The 2018 U.S. elections changed many things, including, most notably, the gender composition of elected representatives in Washington and throughout the country. Both the Senate and House of Representatives are now nearly 25% female, a record high and more than double the percentage of 20 years ago. Nine women are currently serving as governors (tying […]

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Five ways to help musicians think like entrepreneurs

Entrepreneurship for musicians need not be mysterious. It’s really just a different way of looking at your world and capitalizing on opportunities. How do you develop that kind of mindset? Here are five things you can start doing that may help you think like an entrepreneur.

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Congratulations to Cyberwar

Oxford University Press has won the 2018 R. R. Hawkins Award, which is awarded by the Association of American Publishers to a single book every year to “recognize outstanding scholarly works in all disciplines of the arts and sciences.” 

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Raising daughters changes fathers’ views on gender roles

Researchers who have looked into attitudes towards gender are divided. While some posit that attitudes can change over the life course, others argue that they are formed before adulthood and remain fairly stable thereafter. We explored this question in greater detail by studying the effect of raising daughters on parental attitudes.

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Will Congress penalize colleges that increase tuition?

Senator Charles Grassley of Iowa will serve as chairman of the Senate Finance Committee during the upcoming 115th Congress. Senator Grassley’s decision to lead the Finance Committee may have important consequences for the nation’s colleges and universities.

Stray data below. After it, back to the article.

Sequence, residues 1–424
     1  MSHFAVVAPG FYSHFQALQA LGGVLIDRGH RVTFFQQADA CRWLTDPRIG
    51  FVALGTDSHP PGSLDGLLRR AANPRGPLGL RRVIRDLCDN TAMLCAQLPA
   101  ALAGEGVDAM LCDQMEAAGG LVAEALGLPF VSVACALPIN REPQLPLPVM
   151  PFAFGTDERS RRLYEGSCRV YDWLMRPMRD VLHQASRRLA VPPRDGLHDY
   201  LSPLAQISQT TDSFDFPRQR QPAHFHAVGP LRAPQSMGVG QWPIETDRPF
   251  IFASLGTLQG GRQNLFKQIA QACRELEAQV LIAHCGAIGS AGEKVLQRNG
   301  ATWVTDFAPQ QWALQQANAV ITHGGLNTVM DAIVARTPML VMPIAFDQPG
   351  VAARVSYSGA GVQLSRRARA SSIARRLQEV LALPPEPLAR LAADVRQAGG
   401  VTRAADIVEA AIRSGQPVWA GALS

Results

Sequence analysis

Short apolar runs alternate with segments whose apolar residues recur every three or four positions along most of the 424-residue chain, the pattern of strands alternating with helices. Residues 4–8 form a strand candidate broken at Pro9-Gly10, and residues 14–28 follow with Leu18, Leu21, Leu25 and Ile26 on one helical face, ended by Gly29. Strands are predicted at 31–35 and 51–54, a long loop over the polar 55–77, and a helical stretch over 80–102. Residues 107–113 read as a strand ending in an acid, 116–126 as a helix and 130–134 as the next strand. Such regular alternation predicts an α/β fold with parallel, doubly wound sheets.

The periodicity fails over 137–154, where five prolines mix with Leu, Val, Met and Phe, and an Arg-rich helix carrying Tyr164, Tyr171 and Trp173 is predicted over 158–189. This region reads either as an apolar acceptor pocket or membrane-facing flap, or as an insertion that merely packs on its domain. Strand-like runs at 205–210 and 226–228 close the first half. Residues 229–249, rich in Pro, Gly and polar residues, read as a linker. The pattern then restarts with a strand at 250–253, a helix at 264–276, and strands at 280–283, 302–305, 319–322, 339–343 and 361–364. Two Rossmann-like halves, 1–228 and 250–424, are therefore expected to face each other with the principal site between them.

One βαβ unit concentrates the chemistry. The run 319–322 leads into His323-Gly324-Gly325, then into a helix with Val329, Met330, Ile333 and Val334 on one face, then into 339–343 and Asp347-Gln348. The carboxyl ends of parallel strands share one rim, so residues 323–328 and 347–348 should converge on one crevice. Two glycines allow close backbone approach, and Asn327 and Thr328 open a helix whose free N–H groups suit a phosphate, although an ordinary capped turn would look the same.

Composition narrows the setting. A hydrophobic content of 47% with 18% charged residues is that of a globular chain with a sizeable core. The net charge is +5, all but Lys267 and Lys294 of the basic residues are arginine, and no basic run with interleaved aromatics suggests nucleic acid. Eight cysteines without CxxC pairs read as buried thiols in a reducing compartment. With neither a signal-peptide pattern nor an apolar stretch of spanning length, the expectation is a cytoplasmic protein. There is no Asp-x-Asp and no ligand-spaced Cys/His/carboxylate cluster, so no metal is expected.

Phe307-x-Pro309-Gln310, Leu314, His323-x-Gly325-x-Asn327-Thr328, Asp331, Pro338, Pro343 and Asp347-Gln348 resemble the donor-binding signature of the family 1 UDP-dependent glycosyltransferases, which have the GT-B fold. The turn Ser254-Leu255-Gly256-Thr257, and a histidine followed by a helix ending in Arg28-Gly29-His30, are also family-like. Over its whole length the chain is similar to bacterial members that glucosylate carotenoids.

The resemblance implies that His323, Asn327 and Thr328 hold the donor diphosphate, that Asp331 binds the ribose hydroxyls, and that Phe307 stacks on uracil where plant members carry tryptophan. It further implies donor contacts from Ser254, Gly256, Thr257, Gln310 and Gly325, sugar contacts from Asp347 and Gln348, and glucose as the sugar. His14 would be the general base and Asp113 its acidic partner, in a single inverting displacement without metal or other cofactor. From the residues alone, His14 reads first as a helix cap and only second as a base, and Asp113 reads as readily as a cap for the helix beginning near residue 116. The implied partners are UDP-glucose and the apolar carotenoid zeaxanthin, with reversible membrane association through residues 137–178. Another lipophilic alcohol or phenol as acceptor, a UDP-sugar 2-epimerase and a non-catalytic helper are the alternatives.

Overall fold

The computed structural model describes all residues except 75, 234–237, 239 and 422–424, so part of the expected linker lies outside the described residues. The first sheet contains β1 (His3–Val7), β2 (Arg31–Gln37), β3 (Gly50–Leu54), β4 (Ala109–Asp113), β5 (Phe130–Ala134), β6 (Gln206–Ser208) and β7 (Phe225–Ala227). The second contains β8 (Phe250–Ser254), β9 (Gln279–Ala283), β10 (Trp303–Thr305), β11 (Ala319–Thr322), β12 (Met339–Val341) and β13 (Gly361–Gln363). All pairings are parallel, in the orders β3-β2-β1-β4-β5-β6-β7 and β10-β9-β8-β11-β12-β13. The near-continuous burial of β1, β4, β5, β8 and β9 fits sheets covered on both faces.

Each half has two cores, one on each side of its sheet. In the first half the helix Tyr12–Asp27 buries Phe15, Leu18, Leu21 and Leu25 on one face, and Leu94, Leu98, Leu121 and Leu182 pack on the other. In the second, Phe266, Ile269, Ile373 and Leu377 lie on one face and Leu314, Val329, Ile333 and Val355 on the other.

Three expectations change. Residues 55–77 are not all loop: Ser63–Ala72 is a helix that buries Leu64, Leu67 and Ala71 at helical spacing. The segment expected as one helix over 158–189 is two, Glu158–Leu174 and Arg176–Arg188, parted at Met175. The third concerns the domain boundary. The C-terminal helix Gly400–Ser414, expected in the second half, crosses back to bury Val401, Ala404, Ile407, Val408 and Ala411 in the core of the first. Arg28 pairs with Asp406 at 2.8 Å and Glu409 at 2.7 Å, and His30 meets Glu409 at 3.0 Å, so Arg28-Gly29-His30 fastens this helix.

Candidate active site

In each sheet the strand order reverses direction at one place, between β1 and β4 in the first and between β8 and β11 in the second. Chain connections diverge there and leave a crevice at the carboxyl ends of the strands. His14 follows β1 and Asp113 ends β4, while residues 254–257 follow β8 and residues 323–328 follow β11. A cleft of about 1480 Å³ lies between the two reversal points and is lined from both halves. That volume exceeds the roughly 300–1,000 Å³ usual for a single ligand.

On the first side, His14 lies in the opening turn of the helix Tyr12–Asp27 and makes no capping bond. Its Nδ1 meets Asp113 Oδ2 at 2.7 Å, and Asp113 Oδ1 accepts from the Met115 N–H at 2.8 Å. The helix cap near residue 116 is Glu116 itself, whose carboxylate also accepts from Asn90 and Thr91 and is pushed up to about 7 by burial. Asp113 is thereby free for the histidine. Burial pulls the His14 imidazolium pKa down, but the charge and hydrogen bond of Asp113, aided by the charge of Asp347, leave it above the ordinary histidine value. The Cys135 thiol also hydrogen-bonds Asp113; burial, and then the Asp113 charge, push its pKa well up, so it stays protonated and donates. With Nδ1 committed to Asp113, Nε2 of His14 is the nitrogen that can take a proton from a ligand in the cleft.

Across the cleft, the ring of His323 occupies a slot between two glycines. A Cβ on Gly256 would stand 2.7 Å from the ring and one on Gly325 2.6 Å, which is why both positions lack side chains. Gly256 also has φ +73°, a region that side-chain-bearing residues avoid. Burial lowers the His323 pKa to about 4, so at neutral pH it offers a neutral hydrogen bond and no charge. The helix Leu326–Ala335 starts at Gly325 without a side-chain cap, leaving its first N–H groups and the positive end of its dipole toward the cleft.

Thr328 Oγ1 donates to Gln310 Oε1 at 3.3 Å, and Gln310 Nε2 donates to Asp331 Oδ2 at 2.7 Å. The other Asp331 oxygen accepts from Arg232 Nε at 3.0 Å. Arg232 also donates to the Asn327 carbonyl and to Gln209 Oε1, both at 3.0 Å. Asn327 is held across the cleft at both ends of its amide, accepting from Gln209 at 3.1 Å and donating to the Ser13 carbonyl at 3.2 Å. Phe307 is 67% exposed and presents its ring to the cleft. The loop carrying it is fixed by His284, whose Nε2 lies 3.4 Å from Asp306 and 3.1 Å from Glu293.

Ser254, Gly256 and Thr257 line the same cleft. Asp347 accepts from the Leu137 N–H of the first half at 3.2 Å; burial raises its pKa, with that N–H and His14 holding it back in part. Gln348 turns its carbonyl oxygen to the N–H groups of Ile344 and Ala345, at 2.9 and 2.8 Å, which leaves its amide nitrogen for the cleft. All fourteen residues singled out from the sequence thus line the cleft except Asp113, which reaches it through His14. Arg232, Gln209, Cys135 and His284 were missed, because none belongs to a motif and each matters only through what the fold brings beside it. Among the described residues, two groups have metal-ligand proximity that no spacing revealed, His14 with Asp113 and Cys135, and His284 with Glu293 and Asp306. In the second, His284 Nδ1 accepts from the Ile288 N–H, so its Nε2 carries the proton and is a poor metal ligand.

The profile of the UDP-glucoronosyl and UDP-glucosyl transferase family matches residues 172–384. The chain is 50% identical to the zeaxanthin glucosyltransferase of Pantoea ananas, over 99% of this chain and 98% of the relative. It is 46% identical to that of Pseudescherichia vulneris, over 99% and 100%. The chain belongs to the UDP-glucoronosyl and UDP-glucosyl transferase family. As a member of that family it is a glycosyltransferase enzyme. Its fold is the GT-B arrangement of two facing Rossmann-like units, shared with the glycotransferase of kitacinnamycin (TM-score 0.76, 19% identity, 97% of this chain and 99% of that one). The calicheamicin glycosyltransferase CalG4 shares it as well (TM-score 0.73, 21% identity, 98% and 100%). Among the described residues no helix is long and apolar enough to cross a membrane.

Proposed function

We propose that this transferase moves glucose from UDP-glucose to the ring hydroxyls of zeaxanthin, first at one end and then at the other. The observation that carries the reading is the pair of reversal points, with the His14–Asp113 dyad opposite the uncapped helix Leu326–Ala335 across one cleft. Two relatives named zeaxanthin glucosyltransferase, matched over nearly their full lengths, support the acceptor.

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Carbon tax myths

Over a two-week period in November 2018, the Camp Fire, the deadliest forest fire in California history, burned over 150,000 acres, killed more than 80 people, and destroyed some 18,000 buildings. A National Oceanic and Atmospheric Administration report documents the unusually warm and dry conditions that sparked this fire.

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Did emotional appeals help to win the Brexit referendum?

“[Brexit] was a big fundamental decision: an emotional decision,” said Nigel Farrage in an interview with The Guardian’s John Harris in September 2018. For once at least the former UKIP leader, a key figure in the campaign to Leave the European Union, was 100% right.

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How to face the moral challenges of organizations from the inside

When you enter your workplace on Monday morning, is it you who enters it, or is it someone else? A mask, a role you play in order to get through the work day? And does that matter? Many people would say it is a matter of choice, or perhaps of aesthetic sensibilities, whether or not you want to play a role in your job, or be true your own self.